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Cognitive style diversity more important than demographic diversity

Prejudice and stereotyping rear ugly heads when people talk about demographic diversity: race, gender, age, national orientation, religion, sexual preference. Diversity measured and promoted that way may completely overlook and even homogenize diversity of how people think.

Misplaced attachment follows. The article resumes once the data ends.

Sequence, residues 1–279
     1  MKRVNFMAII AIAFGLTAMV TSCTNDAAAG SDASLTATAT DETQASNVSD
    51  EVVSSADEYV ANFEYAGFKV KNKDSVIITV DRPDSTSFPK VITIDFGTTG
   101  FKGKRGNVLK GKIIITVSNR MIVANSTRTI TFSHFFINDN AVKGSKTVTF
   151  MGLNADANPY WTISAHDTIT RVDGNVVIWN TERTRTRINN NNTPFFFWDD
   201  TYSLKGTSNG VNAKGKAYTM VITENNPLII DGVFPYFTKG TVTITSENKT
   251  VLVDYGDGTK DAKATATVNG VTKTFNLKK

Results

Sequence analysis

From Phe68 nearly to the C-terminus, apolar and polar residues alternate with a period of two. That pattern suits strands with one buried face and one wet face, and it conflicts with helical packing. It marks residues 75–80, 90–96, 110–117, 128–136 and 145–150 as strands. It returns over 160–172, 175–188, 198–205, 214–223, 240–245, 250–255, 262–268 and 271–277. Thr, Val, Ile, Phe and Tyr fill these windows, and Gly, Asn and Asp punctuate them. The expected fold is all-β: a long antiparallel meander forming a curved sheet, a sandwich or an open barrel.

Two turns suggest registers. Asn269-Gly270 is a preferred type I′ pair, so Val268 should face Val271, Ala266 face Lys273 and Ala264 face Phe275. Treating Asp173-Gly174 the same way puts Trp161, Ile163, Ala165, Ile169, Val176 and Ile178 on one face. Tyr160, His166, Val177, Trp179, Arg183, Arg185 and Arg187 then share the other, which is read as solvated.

In law departments, how people think makes far more of a difference in their effectiveness than any physical characteristic. (See my post of Jan. 6, 2006 on demographic and social network diversity.) Cognitive diversity isn’t a Constitutionally-protected category, but it is vitally important.

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